It should be said at once that the Johannine authorship of the Fourth Gospel does not depend on that of the Apocalypse. In fact, some men hold to the Johannine authorship of the Apocalypse who deny that of the Gospel while some hold directly the opposite view. Some deny the Johannine authorship of both Gospel and Apocalypse, while the majority hold to the Johannine authorship of Gospel, Epistles, and Apocalypse as was the general rule till after the time of Origen. The author of the Apocalypse claims to be John (Revelation 1:4; Revelation 1:9; Revelation 22:8), though what John he does not say. Denial of the existence of a "Presbyter John" naturally leads one to think of the Apostle John. Origen says that John, the brother of James, was banished to the Isle of Patmos where he saw the Apocalypse. There is undoubted radical difference in language between the Apocalypse and the other Johannine books which will receive discussion when the Apocalypse is reached. Westcott explained these differences as due to the early date of the Apocalypse in the reign of Vespasian before John had become master of the Greek language. Even J. H. Moulton (Prolegomena, p. 9, note 4) says bluntly: "If its date was 95 A.D., the author cannot have written the fourth Gospel only a short time after." Or before, he would say. But the date of the Apocalypse seems definitely to belong to the reign of Domitian. So one ventures to call attention to the statement in Acts 4:13 where Peter and John are described as αγραμματο κα ιδιωτα (unlettered and private or unschooled men). It is curious also that it is precisely in 2Peter and the Apocalypse that we have so many grammatical solecisms and peculiarities. We know that the Fourth Gospel was reviewed by a group of John's friends in Ephesus, while he was apparently alone in the Isle of Patmos. The excitement of the visions would naturally increase the uncouth vernacular of the Apocalypse so much like that in the Greek papyri as seen in Milligan's Greek Papyri, for instance. This being true, one is able, in spite of Moulton's dictum, to hold to the Johannine authorship of both Gospel and Apocalypse and not far apart in date.


This has been attacked in various ways in spite of the identity of style throughout. There are clearly three parts in the Gospel: the Prologue, John 1:1-18, the Body of the Book, John 1:19-20, the Epilogue, John 0:21. But there is no evidence that the Prologue was added by another hand, even though the use of Logos (Word) for Christ does not occur thereafter. This high conception of Christ dominates the whole book. Some argue that the Epilogue was added by some one else than John, but here again there is no proof and no real reason for the supposition. It is possible, as already stated, that John stopped at John 20:31 and then added John 0:21 before sending the book forth after his friends added John 21:24 as their endorsement of the volume. Some scholars claim that they detect various displacements in the arrangement of the material, but such subjective criticism is never convincing. There are undoubtedly long gaps in the narrative as between chapters 5 and 6, but John is not giving a continuous narrative, but only a supplementary account assuming knowledge of the Synoptics. It is held that editorial comments by redactors can be detected here and there. Perhaps, and perhaps not. The unity of this great book stands even if that be true.


The late Dr. C. F. Burney of Oxford wrote a volume called, The Aramaic Origin of the Fourth Gospel (1922) in which he tried to prove that the Fourth Gospel is really the first in time and was originally written in Aramaic. The theory excited some interest, but did not convince either Aramaic or Greek scholars to an appreciable extent. Some of the examples cited are plausible and some quite fanciful. This theory cannot be appealed to in any serious interpretation of the Fourth Gospel. The author was beyond doubt a Jew, but he wrote in the Koine Greek of his time that is comparatively free from crude Semiticisms, perhaps due in part to the help of the friends in Ephesus.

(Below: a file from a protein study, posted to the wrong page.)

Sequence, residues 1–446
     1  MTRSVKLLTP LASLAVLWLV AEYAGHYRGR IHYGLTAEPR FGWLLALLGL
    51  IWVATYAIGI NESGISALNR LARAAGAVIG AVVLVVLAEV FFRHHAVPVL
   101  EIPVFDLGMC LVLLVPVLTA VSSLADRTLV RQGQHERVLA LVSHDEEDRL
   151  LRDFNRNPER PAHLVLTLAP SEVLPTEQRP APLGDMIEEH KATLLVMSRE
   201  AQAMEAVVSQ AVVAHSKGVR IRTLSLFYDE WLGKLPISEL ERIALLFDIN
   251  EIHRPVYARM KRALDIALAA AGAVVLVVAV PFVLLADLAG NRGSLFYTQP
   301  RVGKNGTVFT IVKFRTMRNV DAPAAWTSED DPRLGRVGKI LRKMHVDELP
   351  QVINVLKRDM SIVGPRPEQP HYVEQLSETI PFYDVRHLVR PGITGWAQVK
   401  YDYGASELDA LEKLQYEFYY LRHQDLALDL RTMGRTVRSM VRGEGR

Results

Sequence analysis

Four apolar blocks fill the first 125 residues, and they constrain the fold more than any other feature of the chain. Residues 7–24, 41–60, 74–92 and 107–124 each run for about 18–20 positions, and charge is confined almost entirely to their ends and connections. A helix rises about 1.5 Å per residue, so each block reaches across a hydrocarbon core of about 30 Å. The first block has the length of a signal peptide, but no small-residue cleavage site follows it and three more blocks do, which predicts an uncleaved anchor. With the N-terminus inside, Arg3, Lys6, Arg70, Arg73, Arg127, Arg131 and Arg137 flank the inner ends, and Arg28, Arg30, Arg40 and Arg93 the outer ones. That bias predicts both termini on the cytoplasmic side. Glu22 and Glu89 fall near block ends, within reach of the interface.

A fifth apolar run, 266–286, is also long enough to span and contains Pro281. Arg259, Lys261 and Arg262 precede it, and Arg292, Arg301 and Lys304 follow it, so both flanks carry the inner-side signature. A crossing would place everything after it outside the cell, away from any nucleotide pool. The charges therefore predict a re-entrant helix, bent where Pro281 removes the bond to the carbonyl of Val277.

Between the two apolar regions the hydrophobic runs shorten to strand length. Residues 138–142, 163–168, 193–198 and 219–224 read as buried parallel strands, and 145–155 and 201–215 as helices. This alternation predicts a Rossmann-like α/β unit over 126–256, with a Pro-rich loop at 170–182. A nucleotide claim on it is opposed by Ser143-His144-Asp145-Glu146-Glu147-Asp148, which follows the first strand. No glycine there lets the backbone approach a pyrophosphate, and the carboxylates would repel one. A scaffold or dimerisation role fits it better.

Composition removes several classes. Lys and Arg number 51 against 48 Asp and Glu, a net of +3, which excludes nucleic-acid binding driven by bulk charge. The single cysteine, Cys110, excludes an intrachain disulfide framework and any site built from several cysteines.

He tells us himself in John 20:30. He has made a selection of the many signs wrought by Jesus for an obvious purpose: "But these are written, that ye may believe that Jesus is the Christ, the Son of God; and that believing ye may have life in his name." This is the high and noble purpose plainly stated by the author. The book is thus confessedly apologetic and this fact ruins it with the critics who demand a dull and dry chronicle of events without plan or purpose in a book of history. Such a book would not be read and would be of little value if written. Each of the Synoptics is written with a purpose and every history or biography worth reading is written with a purpose. It is one thing to have a purpose in writing, but quite another to suppress or distort facts in order to create the impression that one wishes. This John did not do. He has given us his deliberate, mature, tested view of Jesus Christ as shown to him while alive and as proven since his resurrection. He writes to win others to like faith in Christ.


No one questions that the Fourth Gospel asserts the deity of Christ. It is in the Prologue at the very start: "And the Word was God" (John 1:1) and in the correct text of John 1:18, "God only begotten" (θεος μονογενης). It occurs repeatedly in the book as in the witness of the Baptist: "This is the Son of God" (John 1:34). It is in the charge of the Pharisees (John 5:18) and the claim of Christ himself (John 5:20-23; John 6:48; John 8:12; John 8:58; John 11:25; John 14:9; John 17:5) with the full and frank conviction of the author in John 20:31. He has made good his purpose. He has proven that Jesus of Nazareth is the Son of God. With some critics this purpose has vitiated the entire book. The effort has been made to show that Paul, Peter, the Epistle to the Hebrews, the Synoptics give a lower view of Christ without the term θεος applied to him. In particular it was once argued that Q, the Logia of Jesus, used by Matthew and Luke (the non-Markan portions in both Matthew and Luke), gives a reduced picture of Jesus as on a lower plane than God, the Arian or Ritschlian view at any rate as answering for God to us though not God in actual nature. But in the Logia of Jesus we find the same essential picture of Jesus Christ as the Son of God and the Son of Man as I have shown in my The Christ of the Logia (1924). The only way to get rid of the deity of Christ in the New Testament is to throw overboard all the books in it as legendary or reflections of late theological development away from the original picture. The very earliest picture drawn of Christ that has been preserved to us, that in the Logia of Jesus (drawn W. M. Ramsay believes before Christ's crucifixion), is in essential agreement with the fully drawn portrait in the Fourth Gospel. Each picture in the Four Gospels adds touches of its own, but the features are the same, those of the God-Man Jesus Christ, the Saviour of the world. The brilliant blind preacher of Edinburgh, George Matheson, sees this clearly (Studies in the Portrait of the Messiah, 1900; St. John's Portrait of Christ, 1910).